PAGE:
Since the birth of hip-hop and its spread to the suburbs on the airwaves and through MTV thanks to unthreatening dance artists and, then, even later after gangtsa rap dominated the landscape, a rapper’s persona was in part defined by his color. The early pioneers, the Beastie Boys, were really just shouting. Vanilla Ice was a wannabe’s wannabe. Eminem was an exception because of his experience and his unique ability to rap at a machine gun pace and twist surprising rhymes.
Note: Today we bring you yet another post about Macklemore–who recently won the MTV VMA for best Hip-Hop artist–from a guest who has been a reader of the blog for a little while and a friend of the elder for much longer. The debate on Macklemore’s place in hip-hop seems to be flowing rather than ebbing, so we can’t promise we won’t chime in on the subject again.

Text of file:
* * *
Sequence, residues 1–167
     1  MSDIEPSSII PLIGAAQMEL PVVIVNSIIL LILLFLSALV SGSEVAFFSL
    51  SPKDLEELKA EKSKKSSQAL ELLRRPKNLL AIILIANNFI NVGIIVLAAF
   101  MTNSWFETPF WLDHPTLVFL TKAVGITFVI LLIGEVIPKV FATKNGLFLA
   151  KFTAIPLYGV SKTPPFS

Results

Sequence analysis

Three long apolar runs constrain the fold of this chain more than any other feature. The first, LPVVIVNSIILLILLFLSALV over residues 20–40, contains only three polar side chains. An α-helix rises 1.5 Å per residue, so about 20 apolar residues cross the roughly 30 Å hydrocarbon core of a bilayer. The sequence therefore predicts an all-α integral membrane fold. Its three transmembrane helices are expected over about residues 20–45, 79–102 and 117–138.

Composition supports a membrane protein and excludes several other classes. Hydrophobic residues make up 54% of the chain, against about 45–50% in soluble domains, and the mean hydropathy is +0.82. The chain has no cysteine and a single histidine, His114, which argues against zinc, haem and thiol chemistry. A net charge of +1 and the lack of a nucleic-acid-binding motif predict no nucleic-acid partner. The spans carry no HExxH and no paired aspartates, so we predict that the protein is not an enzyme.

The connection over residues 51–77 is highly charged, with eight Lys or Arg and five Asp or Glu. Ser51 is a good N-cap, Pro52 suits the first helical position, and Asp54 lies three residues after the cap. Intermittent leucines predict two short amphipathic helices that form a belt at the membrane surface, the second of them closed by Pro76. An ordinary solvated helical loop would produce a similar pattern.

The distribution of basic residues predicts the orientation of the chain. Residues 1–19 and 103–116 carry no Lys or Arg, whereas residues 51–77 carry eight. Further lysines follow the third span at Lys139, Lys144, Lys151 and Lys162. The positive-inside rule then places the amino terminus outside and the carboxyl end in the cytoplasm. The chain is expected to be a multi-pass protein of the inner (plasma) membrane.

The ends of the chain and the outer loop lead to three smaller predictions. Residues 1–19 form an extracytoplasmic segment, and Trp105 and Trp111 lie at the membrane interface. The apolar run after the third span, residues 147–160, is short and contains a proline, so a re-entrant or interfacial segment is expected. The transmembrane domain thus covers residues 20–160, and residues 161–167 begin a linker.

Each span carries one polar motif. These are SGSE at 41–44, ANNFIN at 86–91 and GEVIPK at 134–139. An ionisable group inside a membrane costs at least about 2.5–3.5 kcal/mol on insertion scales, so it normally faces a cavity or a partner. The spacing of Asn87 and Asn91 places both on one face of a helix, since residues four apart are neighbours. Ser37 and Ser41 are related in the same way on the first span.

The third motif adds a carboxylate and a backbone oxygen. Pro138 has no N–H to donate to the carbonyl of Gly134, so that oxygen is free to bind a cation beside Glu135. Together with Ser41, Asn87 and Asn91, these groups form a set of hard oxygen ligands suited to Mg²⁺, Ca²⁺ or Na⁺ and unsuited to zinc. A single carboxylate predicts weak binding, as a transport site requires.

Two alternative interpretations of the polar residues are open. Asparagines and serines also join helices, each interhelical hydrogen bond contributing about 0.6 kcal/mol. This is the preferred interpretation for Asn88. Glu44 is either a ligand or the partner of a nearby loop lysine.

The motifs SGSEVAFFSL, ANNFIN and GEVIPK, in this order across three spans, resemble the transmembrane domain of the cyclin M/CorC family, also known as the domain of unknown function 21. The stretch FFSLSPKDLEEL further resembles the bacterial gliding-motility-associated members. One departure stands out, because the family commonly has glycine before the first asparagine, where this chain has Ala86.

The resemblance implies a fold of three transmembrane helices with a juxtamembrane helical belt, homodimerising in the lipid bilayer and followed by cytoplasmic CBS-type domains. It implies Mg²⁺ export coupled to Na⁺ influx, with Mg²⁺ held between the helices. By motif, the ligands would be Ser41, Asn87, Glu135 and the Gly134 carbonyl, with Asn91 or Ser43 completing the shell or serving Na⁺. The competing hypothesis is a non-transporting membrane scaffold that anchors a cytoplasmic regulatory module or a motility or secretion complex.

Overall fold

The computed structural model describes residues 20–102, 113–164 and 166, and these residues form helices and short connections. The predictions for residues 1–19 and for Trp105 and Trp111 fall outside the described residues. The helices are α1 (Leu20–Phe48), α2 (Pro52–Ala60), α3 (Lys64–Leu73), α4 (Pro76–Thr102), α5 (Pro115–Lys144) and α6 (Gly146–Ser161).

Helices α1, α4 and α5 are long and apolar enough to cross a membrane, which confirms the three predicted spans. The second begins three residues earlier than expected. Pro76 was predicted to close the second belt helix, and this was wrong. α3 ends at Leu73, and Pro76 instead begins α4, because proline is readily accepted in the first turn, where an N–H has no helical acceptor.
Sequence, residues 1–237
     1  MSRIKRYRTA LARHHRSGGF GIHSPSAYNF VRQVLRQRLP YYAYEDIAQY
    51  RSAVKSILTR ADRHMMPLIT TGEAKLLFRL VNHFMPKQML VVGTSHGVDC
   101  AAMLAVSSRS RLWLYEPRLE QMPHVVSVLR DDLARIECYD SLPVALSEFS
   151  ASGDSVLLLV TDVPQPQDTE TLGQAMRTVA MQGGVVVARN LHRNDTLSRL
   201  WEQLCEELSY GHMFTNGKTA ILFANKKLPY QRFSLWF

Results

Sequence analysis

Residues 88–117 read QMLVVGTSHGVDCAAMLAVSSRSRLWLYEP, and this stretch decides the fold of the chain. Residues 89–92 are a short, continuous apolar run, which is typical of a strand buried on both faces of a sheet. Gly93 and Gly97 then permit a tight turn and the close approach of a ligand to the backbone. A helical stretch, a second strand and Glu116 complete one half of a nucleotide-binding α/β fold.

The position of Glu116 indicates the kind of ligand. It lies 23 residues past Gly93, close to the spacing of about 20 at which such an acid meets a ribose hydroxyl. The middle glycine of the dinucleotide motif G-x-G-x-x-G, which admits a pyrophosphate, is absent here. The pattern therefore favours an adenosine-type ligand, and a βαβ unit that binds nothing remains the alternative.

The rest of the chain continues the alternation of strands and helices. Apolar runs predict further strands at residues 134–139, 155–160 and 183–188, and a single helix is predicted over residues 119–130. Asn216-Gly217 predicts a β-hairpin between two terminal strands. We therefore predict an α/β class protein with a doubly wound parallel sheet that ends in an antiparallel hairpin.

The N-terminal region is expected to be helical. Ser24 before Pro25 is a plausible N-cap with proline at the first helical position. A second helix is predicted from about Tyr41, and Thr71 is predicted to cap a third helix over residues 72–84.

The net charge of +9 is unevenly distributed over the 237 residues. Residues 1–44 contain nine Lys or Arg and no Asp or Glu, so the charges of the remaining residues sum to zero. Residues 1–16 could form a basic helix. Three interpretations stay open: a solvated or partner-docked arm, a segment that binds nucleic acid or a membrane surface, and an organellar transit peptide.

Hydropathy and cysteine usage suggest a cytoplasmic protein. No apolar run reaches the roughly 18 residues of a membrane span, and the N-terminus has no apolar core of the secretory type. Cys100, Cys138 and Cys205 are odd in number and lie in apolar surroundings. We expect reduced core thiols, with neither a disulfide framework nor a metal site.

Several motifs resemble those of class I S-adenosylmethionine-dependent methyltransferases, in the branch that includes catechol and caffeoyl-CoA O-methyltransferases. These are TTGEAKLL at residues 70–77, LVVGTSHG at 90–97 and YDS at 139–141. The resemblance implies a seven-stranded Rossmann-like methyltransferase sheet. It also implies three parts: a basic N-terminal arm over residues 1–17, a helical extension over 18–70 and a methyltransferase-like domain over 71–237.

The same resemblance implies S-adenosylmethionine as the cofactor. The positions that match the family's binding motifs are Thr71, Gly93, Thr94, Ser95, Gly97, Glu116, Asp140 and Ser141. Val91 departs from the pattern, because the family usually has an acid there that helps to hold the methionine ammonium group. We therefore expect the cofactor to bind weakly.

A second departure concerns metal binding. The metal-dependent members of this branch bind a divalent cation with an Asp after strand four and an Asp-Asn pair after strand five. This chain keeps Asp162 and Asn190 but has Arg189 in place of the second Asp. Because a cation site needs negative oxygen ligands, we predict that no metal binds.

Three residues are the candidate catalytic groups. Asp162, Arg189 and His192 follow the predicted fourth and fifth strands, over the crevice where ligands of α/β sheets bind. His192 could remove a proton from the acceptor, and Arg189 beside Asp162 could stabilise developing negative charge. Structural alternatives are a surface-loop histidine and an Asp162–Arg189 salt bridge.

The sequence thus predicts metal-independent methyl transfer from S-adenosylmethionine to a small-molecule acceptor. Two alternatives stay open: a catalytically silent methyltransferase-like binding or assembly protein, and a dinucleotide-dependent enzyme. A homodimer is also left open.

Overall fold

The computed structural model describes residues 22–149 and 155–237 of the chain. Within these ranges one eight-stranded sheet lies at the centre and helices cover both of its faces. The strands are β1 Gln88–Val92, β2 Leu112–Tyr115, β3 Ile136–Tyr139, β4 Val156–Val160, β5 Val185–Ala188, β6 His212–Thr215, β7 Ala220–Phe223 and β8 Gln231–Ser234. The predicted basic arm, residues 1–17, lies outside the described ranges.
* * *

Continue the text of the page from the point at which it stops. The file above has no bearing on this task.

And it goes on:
For now, here’s our friend and another teacher-extraordinaire, The Mr. and Only Moe.
I must start by saying that I grateful to the brothersj for allowing me to be a part of their endeavor, especially since my introduction is on a topic for which they have both sufficiently posted already. Before delving deeper into Macklemore and Lewis’s The Heist, some transparency is required. I agree with the elderj that my leftist political leaning effects my perspective on this album, but also I have found that the way in which I come by an album, where I am at in my life, greatly effects my affinity for an album as well, sometimes more.